MGM Stock – Amazon Share price: Could G7 Tax Deal Pare 2020 Gains?
- Global minimum corporation tax rate set at 15%
- Deal applies to multinationals with profits exceeding a 10% margin
- Zero corporation tax paid on £38bn European sales in 2020
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How will Amazon shares react to G7 tax deal?
On Saturday, 5 June, the G7 approved a deal to level the taxation playing field for multinational companies, enforcing companies to pay more tax in countries where they are providing services, as opposed to where they declare their profits.
The UK’s Chancellor of the Exchequer, Rishi Sunak, believes the deal will ensure the world has a tax system that is ‘fit for the global digital age’ and bring tax justice to national economies heavily impacted by the Covid-19 pandemic. Many analysts believe this deal will affect the likes of Amazon
Amazon posted online sales totalling more than £272bn in 2020. Its subsidiary based in the tax haven of Luxembourg did not pay a penny in corporation tax on sales registered across Europe last year. Hence the targeting of Amazon and Facebook – which adopts similar tax practices – by politicians for a fairer global tax system.
Chris Beauchamp, analyst, IG, anticipates that the latest developments on a global tax system will do little to spark confidence in the Amazon share price after a ‘dismal few months’ in the markets.
‘Amazon’s stock has gone nowhere since it first hit $3600 per share back in September,’ said Beauchamp.
‘Support has been found in the area of $2900 several times since, but, on the flipside, gains have stalled at $3600 more than once. Some comfort can be derived from the fact that $3150 has formed short-term support this month, but even here gains have stalled at $3300.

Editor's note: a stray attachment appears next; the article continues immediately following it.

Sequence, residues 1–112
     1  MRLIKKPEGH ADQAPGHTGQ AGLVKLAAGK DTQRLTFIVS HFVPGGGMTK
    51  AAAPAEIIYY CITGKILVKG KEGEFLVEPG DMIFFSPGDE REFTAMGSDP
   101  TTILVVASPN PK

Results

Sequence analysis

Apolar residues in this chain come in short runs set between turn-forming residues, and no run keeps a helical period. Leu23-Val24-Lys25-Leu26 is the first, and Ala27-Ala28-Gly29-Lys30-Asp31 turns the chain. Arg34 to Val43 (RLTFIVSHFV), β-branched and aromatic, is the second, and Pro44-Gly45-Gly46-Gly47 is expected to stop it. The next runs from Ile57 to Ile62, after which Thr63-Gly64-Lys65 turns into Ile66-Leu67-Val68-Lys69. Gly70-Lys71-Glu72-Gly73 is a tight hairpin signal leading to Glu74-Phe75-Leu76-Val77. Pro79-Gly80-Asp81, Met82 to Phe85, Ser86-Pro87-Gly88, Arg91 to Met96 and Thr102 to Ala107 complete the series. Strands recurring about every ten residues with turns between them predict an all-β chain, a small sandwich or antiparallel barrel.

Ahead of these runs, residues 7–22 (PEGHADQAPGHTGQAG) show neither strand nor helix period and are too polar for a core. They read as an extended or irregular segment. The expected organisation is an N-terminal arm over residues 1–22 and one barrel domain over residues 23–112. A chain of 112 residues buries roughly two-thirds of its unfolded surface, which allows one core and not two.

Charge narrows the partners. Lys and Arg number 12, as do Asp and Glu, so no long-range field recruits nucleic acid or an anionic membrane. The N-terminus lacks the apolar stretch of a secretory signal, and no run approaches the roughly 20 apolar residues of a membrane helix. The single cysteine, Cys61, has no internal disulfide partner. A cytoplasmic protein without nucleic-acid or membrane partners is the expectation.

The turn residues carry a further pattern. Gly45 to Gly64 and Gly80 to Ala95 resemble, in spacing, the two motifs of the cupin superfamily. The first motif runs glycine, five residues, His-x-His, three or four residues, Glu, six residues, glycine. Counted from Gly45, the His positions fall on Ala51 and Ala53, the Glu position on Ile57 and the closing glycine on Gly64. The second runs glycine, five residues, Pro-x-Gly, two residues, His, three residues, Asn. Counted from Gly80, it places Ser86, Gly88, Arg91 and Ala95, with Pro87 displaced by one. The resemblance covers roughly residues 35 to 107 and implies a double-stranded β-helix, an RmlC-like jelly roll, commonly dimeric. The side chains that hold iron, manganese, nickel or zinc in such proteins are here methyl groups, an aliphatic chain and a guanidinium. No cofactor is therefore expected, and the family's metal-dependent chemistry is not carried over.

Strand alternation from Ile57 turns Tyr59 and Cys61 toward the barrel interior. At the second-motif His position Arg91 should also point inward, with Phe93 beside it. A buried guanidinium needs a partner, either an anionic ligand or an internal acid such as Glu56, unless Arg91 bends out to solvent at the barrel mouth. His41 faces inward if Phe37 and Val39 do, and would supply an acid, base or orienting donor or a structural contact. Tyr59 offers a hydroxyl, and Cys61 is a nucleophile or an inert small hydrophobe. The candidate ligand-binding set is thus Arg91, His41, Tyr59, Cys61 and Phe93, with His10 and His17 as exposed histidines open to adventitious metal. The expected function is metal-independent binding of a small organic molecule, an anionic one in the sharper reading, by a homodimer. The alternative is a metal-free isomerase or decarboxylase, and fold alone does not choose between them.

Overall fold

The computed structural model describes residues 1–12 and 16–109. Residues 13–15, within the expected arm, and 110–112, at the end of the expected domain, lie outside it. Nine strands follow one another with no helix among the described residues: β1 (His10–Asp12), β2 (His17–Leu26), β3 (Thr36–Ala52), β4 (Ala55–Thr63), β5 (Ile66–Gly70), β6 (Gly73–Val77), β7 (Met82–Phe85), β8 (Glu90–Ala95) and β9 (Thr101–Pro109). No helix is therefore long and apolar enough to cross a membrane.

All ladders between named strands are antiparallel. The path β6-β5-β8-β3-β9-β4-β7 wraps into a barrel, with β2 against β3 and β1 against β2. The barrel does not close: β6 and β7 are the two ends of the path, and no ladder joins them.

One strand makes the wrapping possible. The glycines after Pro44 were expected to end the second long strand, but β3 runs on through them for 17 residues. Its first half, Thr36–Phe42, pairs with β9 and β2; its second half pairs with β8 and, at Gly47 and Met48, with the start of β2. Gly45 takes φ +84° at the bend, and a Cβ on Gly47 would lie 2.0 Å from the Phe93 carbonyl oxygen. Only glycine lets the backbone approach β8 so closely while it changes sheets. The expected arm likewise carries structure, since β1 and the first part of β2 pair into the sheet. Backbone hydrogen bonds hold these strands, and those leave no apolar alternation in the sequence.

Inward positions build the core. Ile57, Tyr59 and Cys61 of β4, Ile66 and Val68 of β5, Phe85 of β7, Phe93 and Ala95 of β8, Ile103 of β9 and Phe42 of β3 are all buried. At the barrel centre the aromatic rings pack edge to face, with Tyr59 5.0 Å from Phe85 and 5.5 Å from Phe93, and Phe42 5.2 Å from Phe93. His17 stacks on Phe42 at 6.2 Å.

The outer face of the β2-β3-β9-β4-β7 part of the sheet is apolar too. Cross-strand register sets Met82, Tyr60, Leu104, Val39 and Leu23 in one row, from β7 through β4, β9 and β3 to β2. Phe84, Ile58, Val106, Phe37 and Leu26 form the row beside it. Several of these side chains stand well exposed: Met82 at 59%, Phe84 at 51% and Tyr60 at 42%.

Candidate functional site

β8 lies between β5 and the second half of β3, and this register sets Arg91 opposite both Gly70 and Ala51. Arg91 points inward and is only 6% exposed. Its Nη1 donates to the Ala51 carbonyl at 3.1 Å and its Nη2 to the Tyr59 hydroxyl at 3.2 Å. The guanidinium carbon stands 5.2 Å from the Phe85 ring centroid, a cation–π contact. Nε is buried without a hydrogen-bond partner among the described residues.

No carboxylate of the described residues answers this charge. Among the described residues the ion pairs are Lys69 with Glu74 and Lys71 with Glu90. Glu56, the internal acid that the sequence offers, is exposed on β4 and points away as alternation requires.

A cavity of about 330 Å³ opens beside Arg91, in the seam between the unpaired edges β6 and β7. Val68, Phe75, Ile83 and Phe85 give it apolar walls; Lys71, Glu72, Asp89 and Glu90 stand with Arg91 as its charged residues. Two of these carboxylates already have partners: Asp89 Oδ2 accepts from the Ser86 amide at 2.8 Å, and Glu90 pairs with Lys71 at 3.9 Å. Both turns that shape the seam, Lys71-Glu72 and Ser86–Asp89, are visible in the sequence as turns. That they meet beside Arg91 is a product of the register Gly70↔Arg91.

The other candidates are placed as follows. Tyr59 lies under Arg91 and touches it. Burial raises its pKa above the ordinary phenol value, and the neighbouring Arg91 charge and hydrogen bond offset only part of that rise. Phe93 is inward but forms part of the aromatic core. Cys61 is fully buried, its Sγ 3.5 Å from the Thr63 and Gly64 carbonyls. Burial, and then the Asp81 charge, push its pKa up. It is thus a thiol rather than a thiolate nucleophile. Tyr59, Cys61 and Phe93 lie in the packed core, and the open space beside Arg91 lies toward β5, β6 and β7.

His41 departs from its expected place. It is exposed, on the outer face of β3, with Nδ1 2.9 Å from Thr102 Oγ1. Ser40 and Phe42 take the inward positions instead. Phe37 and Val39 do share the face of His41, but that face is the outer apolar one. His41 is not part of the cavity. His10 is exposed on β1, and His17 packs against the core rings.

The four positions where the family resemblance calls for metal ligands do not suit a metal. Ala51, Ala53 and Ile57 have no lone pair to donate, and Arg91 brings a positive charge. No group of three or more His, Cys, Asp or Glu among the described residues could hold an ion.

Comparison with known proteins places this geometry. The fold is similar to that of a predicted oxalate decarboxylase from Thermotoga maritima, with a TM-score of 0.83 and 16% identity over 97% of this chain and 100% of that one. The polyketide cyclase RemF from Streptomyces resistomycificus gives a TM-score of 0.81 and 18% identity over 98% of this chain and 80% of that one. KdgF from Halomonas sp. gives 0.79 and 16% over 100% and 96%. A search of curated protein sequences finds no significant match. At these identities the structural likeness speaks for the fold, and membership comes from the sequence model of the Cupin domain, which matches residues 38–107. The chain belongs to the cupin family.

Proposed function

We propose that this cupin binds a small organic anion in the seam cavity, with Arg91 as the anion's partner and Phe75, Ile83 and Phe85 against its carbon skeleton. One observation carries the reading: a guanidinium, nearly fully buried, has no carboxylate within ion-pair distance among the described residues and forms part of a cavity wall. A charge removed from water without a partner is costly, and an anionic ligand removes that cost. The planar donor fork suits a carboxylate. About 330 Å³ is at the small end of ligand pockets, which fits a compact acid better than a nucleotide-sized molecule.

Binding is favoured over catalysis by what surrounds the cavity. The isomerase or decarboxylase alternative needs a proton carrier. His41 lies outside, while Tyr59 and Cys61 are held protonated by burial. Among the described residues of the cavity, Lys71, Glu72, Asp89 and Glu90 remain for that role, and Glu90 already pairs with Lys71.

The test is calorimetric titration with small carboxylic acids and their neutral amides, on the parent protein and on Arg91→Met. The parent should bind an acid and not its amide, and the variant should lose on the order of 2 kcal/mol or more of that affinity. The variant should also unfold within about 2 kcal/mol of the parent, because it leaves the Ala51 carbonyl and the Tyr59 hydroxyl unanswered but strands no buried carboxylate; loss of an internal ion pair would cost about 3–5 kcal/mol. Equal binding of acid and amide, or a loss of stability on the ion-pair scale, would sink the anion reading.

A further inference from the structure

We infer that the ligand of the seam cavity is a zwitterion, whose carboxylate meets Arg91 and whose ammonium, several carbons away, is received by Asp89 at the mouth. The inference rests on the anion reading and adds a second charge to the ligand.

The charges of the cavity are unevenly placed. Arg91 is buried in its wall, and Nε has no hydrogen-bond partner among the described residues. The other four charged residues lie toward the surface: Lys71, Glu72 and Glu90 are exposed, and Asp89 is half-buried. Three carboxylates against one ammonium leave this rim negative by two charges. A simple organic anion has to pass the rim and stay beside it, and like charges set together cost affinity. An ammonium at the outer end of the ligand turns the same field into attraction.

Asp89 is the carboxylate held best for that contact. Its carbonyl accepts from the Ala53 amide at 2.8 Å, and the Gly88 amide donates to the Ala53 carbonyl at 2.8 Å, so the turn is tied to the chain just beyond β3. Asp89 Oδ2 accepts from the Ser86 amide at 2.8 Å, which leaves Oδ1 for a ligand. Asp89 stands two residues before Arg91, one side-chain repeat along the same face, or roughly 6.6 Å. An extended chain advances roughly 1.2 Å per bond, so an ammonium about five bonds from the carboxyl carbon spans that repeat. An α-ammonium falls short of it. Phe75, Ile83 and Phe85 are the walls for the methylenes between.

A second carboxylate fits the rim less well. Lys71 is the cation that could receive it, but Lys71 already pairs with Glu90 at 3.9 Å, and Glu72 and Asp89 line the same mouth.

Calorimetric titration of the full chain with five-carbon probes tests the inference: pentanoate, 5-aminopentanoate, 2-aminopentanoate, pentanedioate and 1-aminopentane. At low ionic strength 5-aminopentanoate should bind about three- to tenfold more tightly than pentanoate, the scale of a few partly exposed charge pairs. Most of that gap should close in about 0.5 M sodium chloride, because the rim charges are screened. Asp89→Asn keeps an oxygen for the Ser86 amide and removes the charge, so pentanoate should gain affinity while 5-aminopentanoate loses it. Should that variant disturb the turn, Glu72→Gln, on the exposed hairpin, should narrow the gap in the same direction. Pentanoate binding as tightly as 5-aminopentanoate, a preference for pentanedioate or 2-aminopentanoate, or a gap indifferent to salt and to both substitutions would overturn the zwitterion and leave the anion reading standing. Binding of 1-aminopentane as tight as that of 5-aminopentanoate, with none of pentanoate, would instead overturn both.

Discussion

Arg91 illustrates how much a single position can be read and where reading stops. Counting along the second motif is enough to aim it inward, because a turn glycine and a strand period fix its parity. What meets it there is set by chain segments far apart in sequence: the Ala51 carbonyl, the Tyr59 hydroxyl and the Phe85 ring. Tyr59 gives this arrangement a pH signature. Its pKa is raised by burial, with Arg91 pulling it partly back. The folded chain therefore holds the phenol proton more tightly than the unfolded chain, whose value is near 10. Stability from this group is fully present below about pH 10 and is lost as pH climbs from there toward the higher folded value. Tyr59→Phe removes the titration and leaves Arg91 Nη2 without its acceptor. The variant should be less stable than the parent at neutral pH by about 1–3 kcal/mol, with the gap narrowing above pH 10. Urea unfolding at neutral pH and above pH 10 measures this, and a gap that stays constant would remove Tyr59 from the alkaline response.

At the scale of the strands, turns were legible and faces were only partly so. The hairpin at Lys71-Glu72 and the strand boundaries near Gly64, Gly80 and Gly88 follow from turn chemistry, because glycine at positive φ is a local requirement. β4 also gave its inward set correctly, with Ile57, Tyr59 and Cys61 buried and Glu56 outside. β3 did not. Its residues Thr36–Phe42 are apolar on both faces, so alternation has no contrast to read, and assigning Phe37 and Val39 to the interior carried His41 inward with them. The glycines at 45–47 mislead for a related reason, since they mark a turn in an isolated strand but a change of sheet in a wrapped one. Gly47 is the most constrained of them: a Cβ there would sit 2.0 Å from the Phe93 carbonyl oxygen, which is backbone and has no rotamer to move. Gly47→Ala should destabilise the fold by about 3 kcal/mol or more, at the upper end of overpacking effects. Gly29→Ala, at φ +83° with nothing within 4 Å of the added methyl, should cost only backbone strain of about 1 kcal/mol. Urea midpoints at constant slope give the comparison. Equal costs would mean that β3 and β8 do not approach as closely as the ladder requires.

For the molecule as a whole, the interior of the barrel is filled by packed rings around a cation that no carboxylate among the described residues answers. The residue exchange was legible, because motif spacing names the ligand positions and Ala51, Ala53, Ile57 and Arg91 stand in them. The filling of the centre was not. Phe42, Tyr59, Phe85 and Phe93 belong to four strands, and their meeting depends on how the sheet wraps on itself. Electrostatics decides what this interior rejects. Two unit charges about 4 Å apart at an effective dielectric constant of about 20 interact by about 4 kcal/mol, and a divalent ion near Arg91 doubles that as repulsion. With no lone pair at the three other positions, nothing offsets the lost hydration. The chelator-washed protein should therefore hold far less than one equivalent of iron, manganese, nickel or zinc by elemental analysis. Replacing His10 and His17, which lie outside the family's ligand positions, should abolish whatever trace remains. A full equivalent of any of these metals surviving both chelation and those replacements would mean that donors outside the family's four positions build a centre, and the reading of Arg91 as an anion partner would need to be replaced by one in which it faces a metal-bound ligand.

‘It looks like the shares will continue to drift, digesting the huge gains made from March – September 2020, with little in the way of a big catalyst to drive a renewed rally in the price.’
Have tax experts spotted a loophole for Amazon to exploit?
Another reason why Amazon shares may not be overly affected by the G7 deal is a potential loophole that could still let the e-commerce behemoth off the hook. The first pillar of the deal is expected to apply solely to multinationals posting profit margins above 10%.
Despite a market value of £1.1 trillion and Q1 2021 net sales rising considerably, Amazon’s annual profit margins are thinner than expected. Amazon’s e-commerce platform operates at low-profit margins, largely due to its substantial investments and its push for market share. In 2020, Amazon’s profit margin ran at just 6.3%.
Paul Monaghan, CEO, Fair Tax Foundation, says that under the first pillar of the G7 deal Amazon ‘is not captured’. Monaghan says that an additional ‘layer of detail’ intimating that Amazon will be included in this deal ‘hasn’t emerged yet’.
Could the recent MGM acquisition bring fresh momentum to the Amazon share price?
Based on market sentiment alone, it would appear Amazon investors are somewhat lukewarm over the e-commerce giant’s recent £6bn purchase of Hollywood studio MGM. The acquisition of the studio that produced the James Bond and Rocky franchises is a strategic move by Amazon to strengthen its global streaming arm. However, the Amazon share price fell from $3265 to $3230 per share as the news broke of the merger.
Looking at the longer term, the deal is almost certain to add a new string to the Amazon Prime bow. The MGM purchase gives Amazon Prime video subscribers new access to up to 17,000 television episodes and more than 4,000 movies – adding even greater value to Prime subscriptions that continue to outperform Disney+ two-to-one.
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